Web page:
3. I have an open CHINS case I failed a urine screen I have since got clean completed IOP classes now in after care passed home inspection my x sister in law has my children I still don't even have unsupervised when I have been clean for over 4 months my x sister wants to keep the lids for good n has my case working with her I just discovered n have proof that at one of my hearing dcs case worker stated in court to the judge that a screen was dirty which caused me not to have unsupervised this was at the beginning two weeks after my initial screen I thought the weed could have still been in my system was upset because they were suppose to check levels n see if it was going down since this was only a few weeks after initial instead they said dirty I recently requested all of my screens from redwood because I take prescriptions that will show up n I was having my doctor look at levels to verify that matched what I was prescripted because dcs case worker accused me of abuseing when I got my screens I found out that screen I took that dcs case worker stated in court to judge that caused me to not get granted unsupervised was actually negative what can I do about this this is a serious issue saying a parent failed a screen in court to judge when they didn't please advise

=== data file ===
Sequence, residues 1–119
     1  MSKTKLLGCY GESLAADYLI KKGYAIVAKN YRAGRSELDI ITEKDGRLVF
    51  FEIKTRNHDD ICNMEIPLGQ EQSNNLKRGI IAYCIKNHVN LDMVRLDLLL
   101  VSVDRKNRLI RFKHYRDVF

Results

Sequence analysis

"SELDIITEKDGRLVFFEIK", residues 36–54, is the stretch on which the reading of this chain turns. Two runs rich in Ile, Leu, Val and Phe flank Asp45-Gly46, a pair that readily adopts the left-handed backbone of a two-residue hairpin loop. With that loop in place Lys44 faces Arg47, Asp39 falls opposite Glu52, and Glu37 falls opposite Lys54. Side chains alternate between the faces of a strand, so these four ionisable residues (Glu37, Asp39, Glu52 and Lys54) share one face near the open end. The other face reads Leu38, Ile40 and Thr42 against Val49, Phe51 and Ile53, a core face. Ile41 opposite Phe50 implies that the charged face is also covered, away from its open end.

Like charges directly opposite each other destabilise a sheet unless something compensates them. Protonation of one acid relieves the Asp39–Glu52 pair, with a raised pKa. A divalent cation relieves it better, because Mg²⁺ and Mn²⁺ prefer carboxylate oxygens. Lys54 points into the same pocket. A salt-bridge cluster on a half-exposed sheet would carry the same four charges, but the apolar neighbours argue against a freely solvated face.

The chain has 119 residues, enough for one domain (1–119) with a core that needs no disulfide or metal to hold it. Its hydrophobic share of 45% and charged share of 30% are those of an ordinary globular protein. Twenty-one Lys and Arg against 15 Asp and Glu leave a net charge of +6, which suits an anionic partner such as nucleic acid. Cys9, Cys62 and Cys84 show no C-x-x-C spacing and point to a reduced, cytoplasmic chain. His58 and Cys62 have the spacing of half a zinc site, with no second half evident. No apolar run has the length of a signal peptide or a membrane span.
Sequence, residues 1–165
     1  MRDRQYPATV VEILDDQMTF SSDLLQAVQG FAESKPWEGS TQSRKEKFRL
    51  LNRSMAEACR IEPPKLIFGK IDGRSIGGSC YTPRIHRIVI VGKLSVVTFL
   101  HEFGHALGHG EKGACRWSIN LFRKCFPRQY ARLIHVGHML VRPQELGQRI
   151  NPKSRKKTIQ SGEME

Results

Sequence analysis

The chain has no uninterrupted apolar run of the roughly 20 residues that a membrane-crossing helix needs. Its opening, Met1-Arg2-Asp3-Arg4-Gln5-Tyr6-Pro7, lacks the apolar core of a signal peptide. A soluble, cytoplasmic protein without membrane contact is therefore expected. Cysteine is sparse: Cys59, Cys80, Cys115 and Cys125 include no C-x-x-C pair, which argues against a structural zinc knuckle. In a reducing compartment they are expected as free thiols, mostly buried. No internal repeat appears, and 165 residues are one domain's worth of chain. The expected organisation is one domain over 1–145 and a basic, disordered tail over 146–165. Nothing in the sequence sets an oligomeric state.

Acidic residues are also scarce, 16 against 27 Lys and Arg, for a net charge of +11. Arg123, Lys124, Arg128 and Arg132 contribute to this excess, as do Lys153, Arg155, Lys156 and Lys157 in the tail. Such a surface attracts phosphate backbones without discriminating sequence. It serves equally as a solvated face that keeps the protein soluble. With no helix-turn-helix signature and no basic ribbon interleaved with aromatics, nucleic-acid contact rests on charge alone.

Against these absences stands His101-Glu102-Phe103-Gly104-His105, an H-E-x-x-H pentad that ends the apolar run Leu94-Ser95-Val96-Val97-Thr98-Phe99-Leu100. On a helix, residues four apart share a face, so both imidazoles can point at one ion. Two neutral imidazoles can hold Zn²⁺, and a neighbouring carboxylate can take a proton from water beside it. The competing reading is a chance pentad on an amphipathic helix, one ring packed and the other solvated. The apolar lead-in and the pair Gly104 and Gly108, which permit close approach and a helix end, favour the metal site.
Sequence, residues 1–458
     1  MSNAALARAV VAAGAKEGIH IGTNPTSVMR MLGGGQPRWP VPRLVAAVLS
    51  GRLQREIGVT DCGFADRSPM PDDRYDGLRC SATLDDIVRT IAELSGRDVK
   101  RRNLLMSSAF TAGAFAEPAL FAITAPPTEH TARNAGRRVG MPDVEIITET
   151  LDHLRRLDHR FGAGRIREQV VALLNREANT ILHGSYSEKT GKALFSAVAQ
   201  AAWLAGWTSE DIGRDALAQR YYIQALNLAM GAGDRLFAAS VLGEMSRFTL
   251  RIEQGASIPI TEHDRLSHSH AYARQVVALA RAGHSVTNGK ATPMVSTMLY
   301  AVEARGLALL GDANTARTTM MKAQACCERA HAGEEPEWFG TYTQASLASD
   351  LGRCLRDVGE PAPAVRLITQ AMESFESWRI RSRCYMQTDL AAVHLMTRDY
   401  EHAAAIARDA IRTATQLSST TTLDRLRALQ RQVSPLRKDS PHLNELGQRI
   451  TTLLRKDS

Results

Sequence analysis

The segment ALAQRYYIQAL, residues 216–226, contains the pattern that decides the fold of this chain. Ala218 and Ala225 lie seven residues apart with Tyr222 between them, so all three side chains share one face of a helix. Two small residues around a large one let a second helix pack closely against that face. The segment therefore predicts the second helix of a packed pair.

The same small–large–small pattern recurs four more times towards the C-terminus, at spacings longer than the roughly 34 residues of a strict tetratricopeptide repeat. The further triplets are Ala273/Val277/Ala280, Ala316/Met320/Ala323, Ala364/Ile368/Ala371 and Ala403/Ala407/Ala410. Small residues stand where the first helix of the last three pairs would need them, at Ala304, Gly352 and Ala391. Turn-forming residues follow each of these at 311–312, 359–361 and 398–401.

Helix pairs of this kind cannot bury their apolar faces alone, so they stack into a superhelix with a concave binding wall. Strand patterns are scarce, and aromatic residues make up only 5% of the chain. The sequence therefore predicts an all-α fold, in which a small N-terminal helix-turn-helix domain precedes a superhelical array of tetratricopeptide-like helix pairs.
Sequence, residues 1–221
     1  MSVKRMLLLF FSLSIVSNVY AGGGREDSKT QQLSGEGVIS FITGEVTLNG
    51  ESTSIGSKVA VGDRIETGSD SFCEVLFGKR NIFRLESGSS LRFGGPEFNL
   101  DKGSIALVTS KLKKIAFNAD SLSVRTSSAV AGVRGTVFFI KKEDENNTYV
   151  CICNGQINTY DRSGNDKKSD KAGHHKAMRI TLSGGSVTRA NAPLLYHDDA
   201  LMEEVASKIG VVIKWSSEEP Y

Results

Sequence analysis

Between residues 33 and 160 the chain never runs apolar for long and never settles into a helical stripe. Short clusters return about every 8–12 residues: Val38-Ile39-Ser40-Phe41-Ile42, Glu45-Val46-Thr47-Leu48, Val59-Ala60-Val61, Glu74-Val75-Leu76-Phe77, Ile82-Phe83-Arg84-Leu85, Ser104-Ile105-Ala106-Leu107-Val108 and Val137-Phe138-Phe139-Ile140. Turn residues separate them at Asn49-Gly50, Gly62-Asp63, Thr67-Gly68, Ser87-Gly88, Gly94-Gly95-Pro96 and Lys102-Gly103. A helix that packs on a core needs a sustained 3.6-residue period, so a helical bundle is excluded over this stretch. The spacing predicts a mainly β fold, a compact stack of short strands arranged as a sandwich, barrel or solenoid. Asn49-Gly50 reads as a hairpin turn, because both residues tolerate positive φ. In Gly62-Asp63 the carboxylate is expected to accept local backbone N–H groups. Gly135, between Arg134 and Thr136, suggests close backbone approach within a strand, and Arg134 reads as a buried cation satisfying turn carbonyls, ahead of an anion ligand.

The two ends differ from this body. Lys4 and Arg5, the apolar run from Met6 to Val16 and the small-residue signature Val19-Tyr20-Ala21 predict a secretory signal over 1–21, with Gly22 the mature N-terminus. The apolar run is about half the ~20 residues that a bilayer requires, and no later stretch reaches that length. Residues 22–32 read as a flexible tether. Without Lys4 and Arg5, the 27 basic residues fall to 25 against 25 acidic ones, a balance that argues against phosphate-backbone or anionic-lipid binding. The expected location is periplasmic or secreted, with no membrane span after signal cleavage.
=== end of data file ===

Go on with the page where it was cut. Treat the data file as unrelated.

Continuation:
4. I have a degree at law, recent MS in regulatory studies. Licensed in KS, admitted b4 S& 7th circuit, but not to Indiana bar due to political correctness. Blacklisted, nearly unemployable due to hostile state action. Big Idea: Headwinds can overcome, esp for those not within the contours of the bell curve, the Lego Movie happiness set forth above. That said, even without the blacklisting for holding ideas unacceptable to the Glorious State, I think the idea presented above that a law degree open many vistas other than being a galley slave to elitist lawyers is pretty much laughable. (Did the law professors of Indiana pay for this to be published?)

  5. Joe, you might want to do some reading on the fate of Hoosier whistleblowers before you get your expectations raised up.